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Plastic Balloons Join Plastic Straw Controversy: Are Balloons Bad for the Environment?

12-31-15 Seoul balloons
A woman takes photographs of balloons released by people gathering to celebrate the new year during a countdown event in Seoul, South Korea. Kim Hong-Ji/Reuters

With plastic straw bans still gaining momentum due to environmental concerns, momentum may also be building against a new plastic risk, the party balloon.

Consider that Clemson University will stop its football tradition of releasing 10,000 balloons into the air before games as an example of sensitivity to the environment. And, earlier this year the town of New Shoreham, Rhode Island passed a new law that prohibits the sale and use of balloons in city limits.

“We are very concerned about the environment," Kenneth Lacoste, first warden of the town council, told CNN. "There's a lot of information out there of damages that balloons do to the wildlife."

Pressure against plastic balloons isn’t new. Environmentalists and groups have argued for years that plastic balloons are bad for the environment. The argument is that both latex balloons, considered biodegradable, and mylar balloons are bad because they “kill countless animals and cause dangerous power outages.” The Environmental Nature Center says latex balloons have risks despite billing as biodegradable because they can take “six months to four years to decompose” and can “wreak a lot of havoc” before they do.

Another non-profit, Balloons Blow, is specifically focused on educating the public about the dangers and risks posed by plastic balloons to the environment. The group has been involved in legislative efforts for new laws that ban balloon releases.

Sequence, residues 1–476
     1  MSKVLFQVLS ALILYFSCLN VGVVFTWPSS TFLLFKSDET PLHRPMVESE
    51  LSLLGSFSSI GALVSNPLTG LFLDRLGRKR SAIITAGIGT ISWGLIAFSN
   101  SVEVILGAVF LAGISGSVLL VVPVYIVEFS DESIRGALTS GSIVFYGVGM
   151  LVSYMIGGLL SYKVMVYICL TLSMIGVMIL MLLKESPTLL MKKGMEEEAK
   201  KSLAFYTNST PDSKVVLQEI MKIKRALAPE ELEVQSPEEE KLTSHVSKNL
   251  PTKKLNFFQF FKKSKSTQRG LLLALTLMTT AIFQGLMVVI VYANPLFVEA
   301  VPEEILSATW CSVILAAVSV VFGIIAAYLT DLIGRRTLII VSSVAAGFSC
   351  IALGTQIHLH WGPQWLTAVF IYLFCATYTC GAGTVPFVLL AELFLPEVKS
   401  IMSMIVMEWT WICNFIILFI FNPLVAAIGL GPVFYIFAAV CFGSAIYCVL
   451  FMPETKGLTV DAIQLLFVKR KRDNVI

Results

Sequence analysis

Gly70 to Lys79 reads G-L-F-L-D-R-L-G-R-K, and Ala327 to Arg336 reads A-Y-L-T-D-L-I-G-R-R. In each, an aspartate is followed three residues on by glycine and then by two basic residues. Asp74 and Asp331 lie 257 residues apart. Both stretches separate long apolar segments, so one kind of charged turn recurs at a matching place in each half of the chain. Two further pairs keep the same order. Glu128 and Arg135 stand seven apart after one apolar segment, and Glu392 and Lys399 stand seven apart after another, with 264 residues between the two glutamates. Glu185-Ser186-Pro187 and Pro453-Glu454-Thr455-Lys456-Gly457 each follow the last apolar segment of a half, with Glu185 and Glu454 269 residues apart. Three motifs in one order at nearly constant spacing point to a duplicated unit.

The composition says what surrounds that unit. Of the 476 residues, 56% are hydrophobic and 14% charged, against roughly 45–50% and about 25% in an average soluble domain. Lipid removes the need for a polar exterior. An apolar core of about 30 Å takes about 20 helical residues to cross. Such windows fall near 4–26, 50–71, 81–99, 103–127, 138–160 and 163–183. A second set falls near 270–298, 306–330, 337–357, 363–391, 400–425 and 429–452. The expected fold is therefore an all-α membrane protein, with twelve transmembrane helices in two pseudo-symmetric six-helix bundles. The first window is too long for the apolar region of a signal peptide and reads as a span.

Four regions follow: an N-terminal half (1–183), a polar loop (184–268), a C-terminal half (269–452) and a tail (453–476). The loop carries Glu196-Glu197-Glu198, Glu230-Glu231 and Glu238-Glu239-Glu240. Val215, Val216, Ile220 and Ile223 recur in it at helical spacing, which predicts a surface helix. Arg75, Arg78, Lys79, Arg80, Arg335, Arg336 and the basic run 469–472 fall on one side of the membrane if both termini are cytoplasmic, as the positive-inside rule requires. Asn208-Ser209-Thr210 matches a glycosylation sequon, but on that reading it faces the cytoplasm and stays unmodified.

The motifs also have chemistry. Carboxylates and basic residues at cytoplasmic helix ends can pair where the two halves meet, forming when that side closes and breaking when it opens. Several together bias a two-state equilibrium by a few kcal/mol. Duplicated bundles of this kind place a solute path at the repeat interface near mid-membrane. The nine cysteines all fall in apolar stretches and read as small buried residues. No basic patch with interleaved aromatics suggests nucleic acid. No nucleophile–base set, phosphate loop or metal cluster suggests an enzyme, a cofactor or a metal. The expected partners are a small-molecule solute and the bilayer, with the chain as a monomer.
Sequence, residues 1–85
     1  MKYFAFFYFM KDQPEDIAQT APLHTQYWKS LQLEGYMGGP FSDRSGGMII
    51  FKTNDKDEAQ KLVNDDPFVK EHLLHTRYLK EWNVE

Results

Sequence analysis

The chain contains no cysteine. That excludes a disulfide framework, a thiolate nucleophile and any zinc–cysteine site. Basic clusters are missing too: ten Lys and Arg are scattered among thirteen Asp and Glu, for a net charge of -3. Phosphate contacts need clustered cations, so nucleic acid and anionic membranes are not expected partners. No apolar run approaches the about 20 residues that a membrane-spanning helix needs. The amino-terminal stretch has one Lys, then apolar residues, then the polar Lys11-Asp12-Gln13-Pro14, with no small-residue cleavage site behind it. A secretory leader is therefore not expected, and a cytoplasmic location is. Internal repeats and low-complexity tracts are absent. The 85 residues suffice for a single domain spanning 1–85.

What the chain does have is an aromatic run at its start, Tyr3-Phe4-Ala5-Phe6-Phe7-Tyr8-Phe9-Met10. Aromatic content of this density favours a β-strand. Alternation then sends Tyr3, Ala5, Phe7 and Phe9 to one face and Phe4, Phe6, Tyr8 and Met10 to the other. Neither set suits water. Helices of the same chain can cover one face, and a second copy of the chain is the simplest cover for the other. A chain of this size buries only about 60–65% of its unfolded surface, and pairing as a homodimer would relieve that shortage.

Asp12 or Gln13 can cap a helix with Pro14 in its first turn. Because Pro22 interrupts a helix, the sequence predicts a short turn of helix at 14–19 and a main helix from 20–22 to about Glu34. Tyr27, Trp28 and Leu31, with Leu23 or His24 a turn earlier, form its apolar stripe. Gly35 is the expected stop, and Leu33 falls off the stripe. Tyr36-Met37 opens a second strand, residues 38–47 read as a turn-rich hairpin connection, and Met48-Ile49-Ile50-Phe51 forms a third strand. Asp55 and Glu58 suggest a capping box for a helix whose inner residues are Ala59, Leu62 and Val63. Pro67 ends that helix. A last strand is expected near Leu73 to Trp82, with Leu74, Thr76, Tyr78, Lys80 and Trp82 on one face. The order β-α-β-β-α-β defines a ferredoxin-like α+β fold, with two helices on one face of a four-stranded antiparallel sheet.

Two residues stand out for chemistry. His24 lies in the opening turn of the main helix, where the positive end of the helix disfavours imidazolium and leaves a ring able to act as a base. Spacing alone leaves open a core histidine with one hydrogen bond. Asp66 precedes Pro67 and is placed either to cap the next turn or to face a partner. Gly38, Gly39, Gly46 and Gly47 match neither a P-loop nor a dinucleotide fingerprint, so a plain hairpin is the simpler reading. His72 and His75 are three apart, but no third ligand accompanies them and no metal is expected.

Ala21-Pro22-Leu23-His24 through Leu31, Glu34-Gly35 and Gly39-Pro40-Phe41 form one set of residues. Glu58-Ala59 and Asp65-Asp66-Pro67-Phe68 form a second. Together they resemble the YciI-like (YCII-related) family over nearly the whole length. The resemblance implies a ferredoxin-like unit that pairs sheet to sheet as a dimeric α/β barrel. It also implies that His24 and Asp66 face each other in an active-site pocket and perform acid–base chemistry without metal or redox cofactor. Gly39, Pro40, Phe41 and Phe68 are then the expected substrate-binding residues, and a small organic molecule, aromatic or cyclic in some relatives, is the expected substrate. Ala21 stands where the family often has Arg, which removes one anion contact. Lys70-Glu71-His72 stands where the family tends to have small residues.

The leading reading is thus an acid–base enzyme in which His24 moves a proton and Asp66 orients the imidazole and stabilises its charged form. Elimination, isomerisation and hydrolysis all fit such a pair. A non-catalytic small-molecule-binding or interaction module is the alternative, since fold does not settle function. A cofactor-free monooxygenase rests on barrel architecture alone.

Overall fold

“Balloons are a wasteful, single-use product that quickly become trash,” the organization says on its “Wall of Shame” photos site. “It is irresponsible for organizations and companies to use helium-filled balloons as promotional products or fundraising, as they have such a high probability of ending up as flyaway litter.”

But new momentum aimed at eliminating the release of plastic balloons has come from the plastic straw ban attention, according to one climate expert.

"The issue of straws has really broadened the marine debris issue," Emma Tonge of the National Oceanic and Atmospheric Administration (NOAA), told The Associated Press. “People might not realize balloons are a danger, she says, because of their ‘light and whimsical’ image.”

Tongue said balloons are common and hazardous to marine animals.

Plastic balloons also pose a risk to electric systems, according to a new report from the AP which notes that California’s Pacific Gas & Electric, “says metallic balloons caused 203 power outages in the first five months of this year, up 22 percent from a year ago.”

In the U.S., the plastic balloon controversy was discussed as far back as 1990. Plastic balloon concerns are not limited to America, however. The controversy has been underway in Europe for years and a balloon lobbying group has been active in trying to limit legislation against balloons.

 

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